Dignity Health will keep an 80 percent ownership interest in the hospital and related operations. Kaiser will buy a 20 percent interest, the two companies announced Monday. The deal is expected to close in mid-2016.
The agreement creates an unusual partnership that could bolster a hospital in a challenging market, stabilize volume for Dignity Health and allow Kaiser to make a long-term investment in an existing hospital rather than building one itself.
Dignity Health will keep responsibility for day-to-day hospital operations and staff, but the hospital will be governed by a joint board of directors. Dignity Health will have four seats on the board; Kaiser, three. Kaiser doctors will join the medical staff at St. Joseph’s and care for Kaiser patients there.
Kaiser has more than 100,000 members in the Stockton region, but no hospitals. For years, Kaiser has contracted with Dameron Hospital — one of the few independent hospitals left in the state — to provide inpatient care for members in the Stockton area.
Co-ownership with Dignity Health “allows us to make a long-term commitment” to a hospital and to Kaiser members in the area, said Debby Cunningham, a Kaiser senior vice president, in an email. “This partnership between two major health care systems will help ensure a stable, financially strong hospital which will serve the needs of the Stockton community now and into the future.”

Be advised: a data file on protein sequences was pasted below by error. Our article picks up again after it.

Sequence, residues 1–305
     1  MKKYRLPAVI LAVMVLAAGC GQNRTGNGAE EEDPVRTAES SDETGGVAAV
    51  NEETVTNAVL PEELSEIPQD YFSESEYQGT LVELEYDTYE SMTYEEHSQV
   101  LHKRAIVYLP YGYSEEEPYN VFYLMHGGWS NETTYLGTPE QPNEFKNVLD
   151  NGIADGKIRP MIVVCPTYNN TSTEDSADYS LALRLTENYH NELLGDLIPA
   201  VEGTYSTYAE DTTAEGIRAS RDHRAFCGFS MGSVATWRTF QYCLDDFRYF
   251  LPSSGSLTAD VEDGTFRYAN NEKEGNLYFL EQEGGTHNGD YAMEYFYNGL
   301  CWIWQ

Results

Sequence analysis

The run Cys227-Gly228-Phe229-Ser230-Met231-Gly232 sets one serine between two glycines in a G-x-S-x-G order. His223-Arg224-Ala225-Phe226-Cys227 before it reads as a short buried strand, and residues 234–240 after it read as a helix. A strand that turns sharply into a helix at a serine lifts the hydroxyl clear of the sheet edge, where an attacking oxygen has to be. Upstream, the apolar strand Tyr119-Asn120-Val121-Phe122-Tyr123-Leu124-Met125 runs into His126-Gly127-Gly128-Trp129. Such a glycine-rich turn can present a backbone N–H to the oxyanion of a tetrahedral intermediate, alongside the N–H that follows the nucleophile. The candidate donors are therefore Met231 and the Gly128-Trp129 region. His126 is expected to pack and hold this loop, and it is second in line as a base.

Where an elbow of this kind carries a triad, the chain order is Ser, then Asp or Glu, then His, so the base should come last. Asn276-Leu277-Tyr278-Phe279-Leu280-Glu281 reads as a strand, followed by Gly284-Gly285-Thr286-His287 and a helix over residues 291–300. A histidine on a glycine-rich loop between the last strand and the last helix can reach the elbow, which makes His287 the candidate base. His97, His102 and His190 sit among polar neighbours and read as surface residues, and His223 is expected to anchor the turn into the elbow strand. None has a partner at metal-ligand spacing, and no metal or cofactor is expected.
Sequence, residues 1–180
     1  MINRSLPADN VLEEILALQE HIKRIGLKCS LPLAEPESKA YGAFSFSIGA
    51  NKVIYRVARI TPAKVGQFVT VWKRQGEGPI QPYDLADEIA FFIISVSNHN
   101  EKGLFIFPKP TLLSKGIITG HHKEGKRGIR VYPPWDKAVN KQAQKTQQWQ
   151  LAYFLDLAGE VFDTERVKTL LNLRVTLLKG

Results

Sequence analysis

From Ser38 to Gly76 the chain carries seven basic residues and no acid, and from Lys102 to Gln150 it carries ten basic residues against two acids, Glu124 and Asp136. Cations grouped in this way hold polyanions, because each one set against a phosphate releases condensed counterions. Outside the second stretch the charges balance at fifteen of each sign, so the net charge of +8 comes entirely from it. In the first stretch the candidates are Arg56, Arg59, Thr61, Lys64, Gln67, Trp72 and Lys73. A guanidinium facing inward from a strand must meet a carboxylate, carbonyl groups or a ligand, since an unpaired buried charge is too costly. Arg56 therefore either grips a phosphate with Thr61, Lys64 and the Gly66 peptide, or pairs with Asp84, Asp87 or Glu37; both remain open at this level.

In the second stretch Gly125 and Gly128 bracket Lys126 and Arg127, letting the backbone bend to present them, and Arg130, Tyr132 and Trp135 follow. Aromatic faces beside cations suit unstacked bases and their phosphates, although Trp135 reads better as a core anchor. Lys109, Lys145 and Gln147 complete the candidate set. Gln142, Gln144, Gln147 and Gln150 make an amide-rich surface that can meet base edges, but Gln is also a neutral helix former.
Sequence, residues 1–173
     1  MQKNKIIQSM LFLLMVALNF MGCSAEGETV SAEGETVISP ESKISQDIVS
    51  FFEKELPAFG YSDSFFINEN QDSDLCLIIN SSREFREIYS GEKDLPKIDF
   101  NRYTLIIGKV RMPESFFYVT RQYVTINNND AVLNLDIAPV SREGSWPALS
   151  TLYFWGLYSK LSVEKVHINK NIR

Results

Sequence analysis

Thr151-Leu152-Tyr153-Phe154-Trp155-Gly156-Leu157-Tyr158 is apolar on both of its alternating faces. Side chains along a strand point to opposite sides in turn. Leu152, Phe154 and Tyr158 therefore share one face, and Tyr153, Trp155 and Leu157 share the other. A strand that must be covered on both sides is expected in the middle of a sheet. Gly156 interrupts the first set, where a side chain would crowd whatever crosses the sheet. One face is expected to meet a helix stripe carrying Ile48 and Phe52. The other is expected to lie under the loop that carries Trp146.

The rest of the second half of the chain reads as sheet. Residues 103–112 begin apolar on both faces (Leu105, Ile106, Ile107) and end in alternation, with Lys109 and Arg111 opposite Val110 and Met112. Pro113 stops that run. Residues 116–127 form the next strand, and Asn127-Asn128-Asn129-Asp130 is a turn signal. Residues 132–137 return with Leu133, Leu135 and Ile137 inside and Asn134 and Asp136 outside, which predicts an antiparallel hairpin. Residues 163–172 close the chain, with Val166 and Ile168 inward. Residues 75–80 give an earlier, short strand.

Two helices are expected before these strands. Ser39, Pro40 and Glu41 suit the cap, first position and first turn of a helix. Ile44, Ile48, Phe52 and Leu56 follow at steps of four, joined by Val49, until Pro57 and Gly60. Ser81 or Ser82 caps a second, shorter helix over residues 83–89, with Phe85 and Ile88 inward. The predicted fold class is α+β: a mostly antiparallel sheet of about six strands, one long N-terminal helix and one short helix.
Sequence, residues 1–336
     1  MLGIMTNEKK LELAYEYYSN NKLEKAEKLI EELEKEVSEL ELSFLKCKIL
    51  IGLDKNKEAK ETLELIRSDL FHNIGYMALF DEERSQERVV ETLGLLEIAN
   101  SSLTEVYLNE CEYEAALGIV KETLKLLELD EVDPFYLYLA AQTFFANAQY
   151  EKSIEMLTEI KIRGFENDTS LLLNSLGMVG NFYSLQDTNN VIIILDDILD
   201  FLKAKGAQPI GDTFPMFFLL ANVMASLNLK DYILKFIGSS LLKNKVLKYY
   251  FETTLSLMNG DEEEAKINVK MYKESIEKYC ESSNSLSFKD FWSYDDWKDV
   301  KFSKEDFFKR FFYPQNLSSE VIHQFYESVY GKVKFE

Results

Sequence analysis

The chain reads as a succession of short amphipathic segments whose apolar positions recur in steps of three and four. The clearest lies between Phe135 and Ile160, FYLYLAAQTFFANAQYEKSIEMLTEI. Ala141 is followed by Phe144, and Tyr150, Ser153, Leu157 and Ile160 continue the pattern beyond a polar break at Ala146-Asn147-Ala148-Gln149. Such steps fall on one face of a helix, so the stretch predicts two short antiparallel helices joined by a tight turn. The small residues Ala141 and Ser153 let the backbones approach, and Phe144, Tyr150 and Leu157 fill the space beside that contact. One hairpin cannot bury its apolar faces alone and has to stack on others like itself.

Don Wiley, president and CEO at St. Joseph’s, said the two large health systems are teaming up to ensure a strong hospital meets the needs of both partners in what has been historically a challenged community.
“Stockton was the largest city to declare bankruptcy before Detroit,” Wiley said. “Kaiser could have chosen to contract out or build their own hospital but saw an opportunity to get involved and have a role in growing this hospital and not have to spend hundreds of millions of dollars on one of its own.”
Business has been challenging at St. Joseph’s, although the hospital has done well in the last two years, Wiley said. There’s room for more patients. The hospital has 335 usable licensed beds but staffed only 215 this month. Census varies, he added, and has been as high as 270, but “there’s still some capacity.”
Whether the deal is a sign of more joint ventures in the works is unclear. That fact — and who approached whom — are among the topics both sides decided not to talk about, Wiley said.
Kaiser briefly explored partnerships with other health systems in Sacramento in the 1990s when consultants said the area had too many hospital beds — and Kaiser was beginning to craft a strategy for what to do when its Morse Avenue hospital had to close due to earthquake safety problems. Earlier this year, Kaiser announced plans to build a new hospital in the Sacramento downtown railyard to replace Morse, but partnerships could be possible elsewhere.
“Maybe it makes sense in other places, but no other discussions are going on,” Wiley said. “This is a unique program where duplication of resources doesn’t make sense for either party.”